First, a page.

Tracking the hidden duplicate code in a C++ code base.

It’s known that the presence of duplicate code has negative impacts on software development and maintenance. Indeed a major drawback is when  an instance of duplicate code is changed for fixing bugs or adding new features, its correspondents have to be changed simultaneously.

The most popular reason of duplicate code is the Copy/Paste operations, and in this case the source code is exactly similar  in two or more places , this practice is discouraged in many articles, books, and web sites.However,  sometimes it’s not easy to practice the recommendations, and the developer chose the easy solution: the  Copy/Paste method.

There are many tools to detect these kind of cloned code, CCFinderX is one of the interesting available open source tools. CCFinderX is a code-clone detector, which detects code clones (duplicated code fragments) from source files written in Java, C/C++, COBOL, VB, C#. It’s enable a user-side customization of a preprocessor, and providing an interactive analysis based on metrics.

Using the appropriate tool makes easy the detection of the duplicate code from the copy/paste operations, however there are some cases where cloned code are not trivial to detect.

Hidden duplicate code

Case1: Modified Copy/pasted code.

As described before the major problem of a copy/pasted code is when an instance of duplicate code is changed, its correspondents have to be changed simultaneously. Unfortunately it’s not always the case and the duplicate code instances became different.

To avoid these kind of hidden duplicate code, don’t hesitate to use a tool like CFinderX to discover the duplicate code instances, and at least tag them by adding comments if you don’t have time to refactor your code. This operation is very useful when a developer try to change a duplicate code instance, he will be noticed that other places has the same code. however if  the developer is not informed, he will change only one place, and it will be very difficult in the future to detect the modified duplicate code.

Case 2: Similar functionality

The copy/paste operations is not the only origin of duplicate code, another reason is when a similar functionality is implemented.

Here’s from wikipedia a brief description of this second duplicate code origin:

Functionality that is very similar to that in another part of a program is required and a developer independently writes code that is very similar to what exists elsewhere. Studies suggest, that such independently rewritten code is typically not syntactically similar.

Tracking hidden duplicate code:

In case of duplicate code not exactly the same, no tool could give you a reliable results, it could report only suspicious duplicate code, and it’s the responsibility of developers to check if it really concern a cloned code or just a false positive result.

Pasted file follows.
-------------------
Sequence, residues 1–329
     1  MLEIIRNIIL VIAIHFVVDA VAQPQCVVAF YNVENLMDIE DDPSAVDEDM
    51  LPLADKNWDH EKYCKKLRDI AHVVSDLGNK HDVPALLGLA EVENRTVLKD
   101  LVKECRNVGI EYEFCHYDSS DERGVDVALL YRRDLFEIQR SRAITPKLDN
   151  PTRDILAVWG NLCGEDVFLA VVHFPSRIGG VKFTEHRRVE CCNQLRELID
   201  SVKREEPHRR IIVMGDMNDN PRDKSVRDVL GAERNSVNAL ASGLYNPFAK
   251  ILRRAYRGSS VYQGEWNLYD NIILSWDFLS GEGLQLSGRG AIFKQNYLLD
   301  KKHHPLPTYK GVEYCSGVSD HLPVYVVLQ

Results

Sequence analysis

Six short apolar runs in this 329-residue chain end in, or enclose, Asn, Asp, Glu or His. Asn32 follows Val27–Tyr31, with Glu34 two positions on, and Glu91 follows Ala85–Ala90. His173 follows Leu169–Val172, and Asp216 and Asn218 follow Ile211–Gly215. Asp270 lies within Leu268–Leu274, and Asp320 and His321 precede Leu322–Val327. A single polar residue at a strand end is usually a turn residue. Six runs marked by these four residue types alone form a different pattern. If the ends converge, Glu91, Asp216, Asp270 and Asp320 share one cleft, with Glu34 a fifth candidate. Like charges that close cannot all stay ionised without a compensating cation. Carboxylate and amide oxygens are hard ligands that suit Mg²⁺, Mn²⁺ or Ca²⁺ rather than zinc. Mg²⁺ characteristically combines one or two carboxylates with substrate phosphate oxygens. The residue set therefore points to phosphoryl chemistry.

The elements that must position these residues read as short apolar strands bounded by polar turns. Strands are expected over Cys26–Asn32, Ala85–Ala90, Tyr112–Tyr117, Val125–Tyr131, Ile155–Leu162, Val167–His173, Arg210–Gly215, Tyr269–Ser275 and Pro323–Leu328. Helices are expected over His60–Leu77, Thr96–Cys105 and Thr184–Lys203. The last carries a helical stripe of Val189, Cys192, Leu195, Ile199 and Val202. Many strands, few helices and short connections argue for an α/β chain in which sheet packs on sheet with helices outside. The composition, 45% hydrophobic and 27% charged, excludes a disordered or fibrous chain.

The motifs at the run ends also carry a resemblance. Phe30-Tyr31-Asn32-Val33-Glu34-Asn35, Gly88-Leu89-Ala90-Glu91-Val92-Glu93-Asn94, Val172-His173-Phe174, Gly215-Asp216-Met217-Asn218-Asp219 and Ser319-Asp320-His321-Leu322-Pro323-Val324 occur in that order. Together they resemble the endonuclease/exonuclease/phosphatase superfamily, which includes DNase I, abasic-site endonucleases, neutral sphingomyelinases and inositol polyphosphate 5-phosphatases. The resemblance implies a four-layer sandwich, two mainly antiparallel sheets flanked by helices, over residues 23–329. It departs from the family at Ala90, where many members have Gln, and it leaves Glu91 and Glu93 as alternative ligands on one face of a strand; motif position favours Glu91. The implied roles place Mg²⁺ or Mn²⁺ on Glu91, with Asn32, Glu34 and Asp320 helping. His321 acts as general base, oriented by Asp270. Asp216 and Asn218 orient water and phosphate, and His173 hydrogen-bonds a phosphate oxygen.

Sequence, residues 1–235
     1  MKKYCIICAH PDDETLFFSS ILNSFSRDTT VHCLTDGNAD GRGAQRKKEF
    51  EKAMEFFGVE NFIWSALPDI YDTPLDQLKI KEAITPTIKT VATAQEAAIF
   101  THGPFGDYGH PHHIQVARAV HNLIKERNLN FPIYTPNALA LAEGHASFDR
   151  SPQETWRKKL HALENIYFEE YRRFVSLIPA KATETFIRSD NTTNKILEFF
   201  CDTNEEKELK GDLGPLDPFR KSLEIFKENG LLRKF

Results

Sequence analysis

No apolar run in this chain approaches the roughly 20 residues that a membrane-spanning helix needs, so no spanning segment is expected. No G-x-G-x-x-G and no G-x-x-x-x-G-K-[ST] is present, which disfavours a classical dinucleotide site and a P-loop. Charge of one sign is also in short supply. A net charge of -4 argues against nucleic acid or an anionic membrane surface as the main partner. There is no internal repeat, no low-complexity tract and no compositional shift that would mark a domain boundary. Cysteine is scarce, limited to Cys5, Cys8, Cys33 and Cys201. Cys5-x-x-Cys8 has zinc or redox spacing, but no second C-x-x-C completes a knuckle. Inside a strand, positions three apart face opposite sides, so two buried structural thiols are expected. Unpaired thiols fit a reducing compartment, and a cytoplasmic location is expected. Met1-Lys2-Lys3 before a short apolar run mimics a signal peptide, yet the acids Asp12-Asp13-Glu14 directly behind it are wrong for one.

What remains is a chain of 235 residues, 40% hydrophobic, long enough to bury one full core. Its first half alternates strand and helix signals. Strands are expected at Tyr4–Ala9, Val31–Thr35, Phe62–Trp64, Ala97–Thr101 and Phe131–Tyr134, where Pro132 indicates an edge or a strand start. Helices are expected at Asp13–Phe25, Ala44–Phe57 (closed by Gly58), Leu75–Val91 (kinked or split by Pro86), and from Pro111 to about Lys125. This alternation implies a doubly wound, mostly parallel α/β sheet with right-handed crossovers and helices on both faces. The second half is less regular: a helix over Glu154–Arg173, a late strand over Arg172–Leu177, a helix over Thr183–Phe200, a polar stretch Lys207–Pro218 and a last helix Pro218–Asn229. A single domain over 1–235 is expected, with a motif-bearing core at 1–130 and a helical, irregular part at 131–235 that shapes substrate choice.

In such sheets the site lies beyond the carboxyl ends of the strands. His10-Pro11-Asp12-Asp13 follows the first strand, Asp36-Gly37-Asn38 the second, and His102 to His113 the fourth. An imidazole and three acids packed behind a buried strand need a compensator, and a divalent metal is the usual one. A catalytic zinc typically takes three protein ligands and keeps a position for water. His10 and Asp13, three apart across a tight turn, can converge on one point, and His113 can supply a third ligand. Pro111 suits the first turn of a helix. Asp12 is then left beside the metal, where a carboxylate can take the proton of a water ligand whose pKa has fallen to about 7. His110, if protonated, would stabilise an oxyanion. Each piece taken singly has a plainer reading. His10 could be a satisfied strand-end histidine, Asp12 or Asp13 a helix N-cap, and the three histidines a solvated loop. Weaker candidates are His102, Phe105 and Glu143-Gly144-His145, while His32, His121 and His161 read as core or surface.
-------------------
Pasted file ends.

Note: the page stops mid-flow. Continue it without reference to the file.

Each tool uses a specific algorithm to track these kind of duplicate code, we didnt test any of these tools but I think that most of them could be interesting to check at least once, it could give you some interesting results that could help you to improve  the design and implementation of your code, as we will discover later in this post.

In our case we will use an algorithm which consists in defining sets of methods that are using the same members, i.e calling the same methods, reading the same fields, writing the same fields. We call these sets, suspect-sets. Suspect-sets are sorted by the number of same members used.

CppDepend implements this algorithm as a CppDepend Power-Tool. Power-Tools are a set of open-source tools based on CppDpend.API. The source code of Power-Tools can be found in $CppDependInstallPath$\ CppDepend.PowerTools.SourceCode\ CppDepend.PowerTools.sln.

Let’s discover the efficiency of this algorithm by searching the duplicate code in the Irrlicht 3D engine code base.

Case study: Irrlicht 3D engine

The Irrlicht Engine is an open-source high-performance realtime 3D engine written in C++. It is completely cross-platform.

Here are two of the suspicious duplicate code detected:

1- Exact code duplicate

In this case 18 methods detected are using the same 3 methods, reading the same 2 fields and writing same 9 fields.


After checking the source code of these methods, it concern the exact code duplicated, however other tools are more interesting to detect these kind of duplicate, and the algorithm used has no added value when it concern the exact cloned code.

2- Similar functionality

Here’s a second suspicious duplicate code, it concern four methods using the same 11 methods, reading the same 6 fields and writing the same 2 fields.


After checking These four methods source code, it’s not exactly the same code. However, they implement an unique layout algorithm. So here I’d vote for a factorization.

To explain better this case here’s a relation between the classes concerned by the duplicate code:


OnSetConstants is declared in the IShaderConstantSetCallBack  interface and implemented by all the derived classes. All the four implementations has the same layout algorithm  and in such cases the template method pattern is a good solution to refactor the existing implementation.

When testing this algorithm in many C++ open source projects we had very surprised that many duplicate code are similar to this case, and the template method pattern is rarely used.


Tracking duplicate code is very useful to improve both the implementation and the design of your projects. Fortunately many tools exist to detect the cloned code, and it’s recommended to execute periodically one of these tools and at least tag the duplicate instances.